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Editorial: If feral cats are thriving, there are litters and food

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It’s awful to know there are Albuquerque residents who can’t turn on their swamp coolers this week as the mercury approaches 100 degrees because they would rather risk heat exhaustion than smell feral cat urine.

Ugh.

But it’s important to know why feral cat colonies thrive, and why there are apparently enough in the Kirtland neighborhood to hold residents hostage in homes that become little more than hot boxes as summer kicks into full gear.

The bottom lines are litters and food.

A fertile feral cat can start reproducing at 6 months and has on average five kittens in a litter; its kittens can reproduce at 6 months and have on average five kittens in a litter; and so on and so on. And all those kittens and cats survive and hang around a neighborhood as long as there’s a food supply.

So whether it’s a well-meaning resident putting out kibble, or a not so well-meaning resident allowing trash and woodpiles to provide food and attract rodents, a circle of life that keeps swamp coolers shut down – and patios and yards ripped up and full of feces – remains unbroken. City Animal Welfare programs analyst Jim Ludwick explains that killing or relocating feral cats “just relieve(s) pressure on the food supply, and the vacuum (i)s filled by more cats.”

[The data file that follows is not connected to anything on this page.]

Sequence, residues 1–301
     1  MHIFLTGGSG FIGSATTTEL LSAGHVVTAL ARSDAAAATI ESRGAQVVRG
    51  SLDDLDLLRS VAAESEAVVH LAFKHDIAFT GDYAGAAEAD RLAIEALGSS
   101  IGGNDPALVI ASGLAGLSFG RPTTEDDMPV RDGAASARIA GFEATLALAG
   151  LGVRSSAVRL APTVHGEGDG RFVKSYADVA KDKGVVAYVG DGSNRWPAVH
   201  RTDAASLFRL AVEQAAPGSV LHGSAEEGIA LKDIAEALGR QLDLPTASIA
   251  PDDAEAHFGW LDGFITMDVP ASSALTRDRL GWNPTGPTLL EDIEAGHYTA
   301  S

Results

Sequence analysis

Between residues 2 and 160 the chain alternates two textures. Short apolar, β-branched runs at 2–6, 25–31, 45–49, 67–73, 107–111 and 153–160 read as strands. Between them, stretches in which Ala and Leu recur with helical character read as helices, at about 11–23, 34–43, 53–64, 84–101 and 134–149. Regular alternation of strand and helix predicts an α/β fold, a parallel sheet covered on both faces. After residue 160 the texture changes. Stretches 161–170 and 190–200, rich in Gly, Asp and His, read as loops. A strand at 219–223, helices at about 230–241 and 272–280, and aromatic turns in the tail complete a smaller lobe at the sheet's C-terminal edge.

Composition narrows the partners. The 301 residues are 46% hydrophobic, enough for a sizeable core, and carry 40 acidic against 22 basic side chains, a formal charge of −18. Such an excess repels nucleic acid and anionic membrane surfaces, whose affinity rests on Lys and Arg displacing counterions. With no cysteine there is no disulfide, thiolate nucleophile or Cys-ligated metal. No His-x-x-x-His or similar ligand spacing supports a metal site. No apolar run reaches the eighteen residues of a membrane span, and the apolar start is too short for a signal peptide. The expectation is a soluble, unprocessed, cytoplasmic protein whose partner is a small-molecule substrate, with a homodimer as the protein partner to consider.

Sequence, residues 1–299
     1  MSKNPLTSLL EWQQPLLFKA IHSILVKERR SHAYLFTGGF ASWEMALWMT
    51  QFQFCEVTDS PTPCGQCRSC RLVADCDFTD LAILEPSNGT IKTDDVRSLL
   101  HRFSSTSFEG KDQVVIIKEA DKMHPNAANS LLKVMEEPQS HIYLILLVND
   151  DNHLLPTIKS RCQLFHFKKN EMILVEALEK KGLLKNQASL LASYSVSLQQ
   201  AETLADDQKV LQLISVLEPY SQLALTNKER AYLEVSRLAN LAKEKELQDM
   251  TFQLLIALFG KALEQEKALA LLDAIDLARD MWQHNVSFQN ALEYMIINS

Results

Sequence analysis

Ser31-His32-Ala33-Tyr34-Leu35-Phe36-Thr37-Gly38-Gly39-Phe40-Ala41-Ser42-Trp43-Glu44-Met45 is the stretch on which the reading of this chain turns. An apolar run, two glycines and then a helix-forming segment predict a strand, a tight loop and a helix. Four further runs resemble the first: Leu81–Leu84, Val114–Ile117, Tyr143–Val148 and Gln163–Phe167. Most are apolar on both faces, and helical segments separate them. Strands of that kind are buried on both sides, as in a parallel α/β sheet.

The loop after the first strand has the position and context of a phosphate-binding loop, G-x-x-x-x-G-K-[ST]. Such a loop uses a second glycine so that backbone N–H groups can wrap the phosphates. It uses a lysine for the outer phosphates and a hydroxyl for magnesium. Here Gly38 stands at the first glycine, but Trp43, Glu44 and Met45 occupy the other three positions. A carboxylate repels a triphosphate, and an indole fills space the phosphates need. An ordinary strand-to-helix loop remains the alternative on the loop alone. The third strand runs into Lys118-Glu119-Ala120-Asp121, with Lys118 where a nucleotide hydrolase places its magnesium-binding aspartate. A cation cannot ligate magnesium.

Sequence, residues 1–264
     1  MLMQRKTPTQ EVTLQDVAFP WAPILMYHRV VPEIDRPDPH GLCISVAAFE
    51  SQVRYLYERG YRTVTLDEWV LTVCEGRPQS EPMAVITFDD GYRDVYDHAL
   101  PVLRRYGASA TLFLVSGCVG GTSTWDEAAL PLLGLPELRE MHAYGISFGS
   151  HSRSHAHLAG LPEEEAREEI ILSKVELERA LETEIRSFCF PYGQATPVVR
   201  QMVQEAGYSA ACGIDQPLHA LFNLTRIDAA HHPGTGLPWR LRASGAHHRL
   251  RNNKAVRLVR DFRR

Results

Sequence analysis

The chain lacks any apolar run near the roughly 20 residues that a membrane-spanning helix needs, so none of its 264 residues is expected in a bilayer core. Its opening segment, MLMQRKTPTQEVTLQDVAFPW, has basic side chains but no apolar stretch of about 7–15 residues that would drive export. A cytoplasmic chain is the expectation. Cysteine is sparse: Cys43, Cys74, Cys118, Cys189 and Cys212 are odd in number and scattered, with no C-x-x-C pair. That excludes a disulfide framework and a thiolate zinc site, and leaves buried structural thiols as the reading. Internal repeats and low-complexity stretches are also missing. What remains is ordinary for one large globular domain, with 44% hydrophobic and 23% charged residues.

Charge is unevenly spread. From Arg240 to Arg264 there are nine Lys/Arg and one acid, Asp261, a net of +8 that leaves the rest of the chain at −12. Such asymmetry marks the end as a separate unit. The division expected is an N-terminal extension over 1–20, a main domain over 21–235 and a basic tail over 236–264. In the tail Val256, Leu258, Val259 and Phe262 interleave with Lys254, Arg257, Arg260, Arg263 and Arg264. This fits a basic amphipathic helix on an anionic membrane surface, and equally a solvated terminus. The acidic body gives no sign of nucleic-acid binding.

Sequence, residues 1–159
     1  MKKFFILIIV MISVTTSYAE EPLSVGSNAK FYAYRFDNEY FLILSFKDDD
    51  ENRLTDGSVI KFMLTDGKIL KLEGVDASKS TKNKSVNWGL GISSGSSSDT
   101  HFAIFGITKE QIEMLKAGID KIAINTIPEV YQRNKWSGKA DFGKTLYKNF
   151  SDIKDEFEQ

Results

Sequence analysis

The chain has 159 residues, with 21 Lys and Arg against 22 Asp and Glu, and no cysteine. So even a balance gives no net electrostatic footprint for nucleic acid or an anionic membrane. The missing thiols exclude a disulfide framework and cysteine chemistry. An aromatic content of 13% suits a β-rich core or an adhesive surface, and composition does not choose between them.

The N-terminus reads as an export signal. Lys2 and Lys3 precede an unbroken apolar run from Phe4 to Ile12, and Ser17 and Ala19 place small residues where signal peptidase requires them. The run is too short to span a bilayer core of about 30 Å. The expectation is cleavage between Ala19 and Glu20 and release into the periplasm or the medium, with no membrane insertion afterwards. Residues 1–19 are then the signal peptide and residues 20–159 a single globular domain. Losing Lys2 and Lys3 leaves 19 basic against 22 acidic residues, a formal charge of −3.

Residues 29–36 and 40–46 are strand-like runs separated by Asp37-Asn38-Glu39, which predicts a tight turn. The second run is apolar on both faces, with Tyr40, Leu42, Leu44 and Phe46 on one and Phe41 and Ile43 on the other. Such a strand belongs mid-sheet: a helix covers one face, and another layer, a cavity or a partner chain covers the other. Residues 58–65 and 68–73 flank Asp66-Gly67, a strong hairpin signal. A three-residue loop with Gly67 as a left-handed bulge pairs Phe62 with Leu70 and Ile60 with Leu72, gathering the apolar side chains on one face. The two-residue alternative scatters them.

That’s where TNR comes in. Nonprofit animal welfare groups perform “Trap, Neuter and Return” to stop the supply of new cats via neutering and then returning them to a site, where they remain as territorial placeholders to keep others out, eventually dying and reducing the population. According to the city, which endorses TNR but does not perform it, there has been no TNR done in the Kirtland neighborhood in years (TNR cats can be identified because their left ear is clipped), and there must be a healthy food supply if residents are indeed seeing new cats.

Unless the city starts regulating irresponsible feeders, it’s up to residents to stop the supply of food. The city should step in, capture and even euthanize if a feral cat or colony poses a serious health or safety threat.

But the feeding and the breeding must stop if Albuquerque is ever going to have a manageable feral cat population, and if some residents are ever going to be able to turn their swamp coolers on.

This editorial first appeared in the Albuquerque Journal. It was written by members of the editorial board and is unsigned as it represents the opinion of the newspaper rather than the writers.

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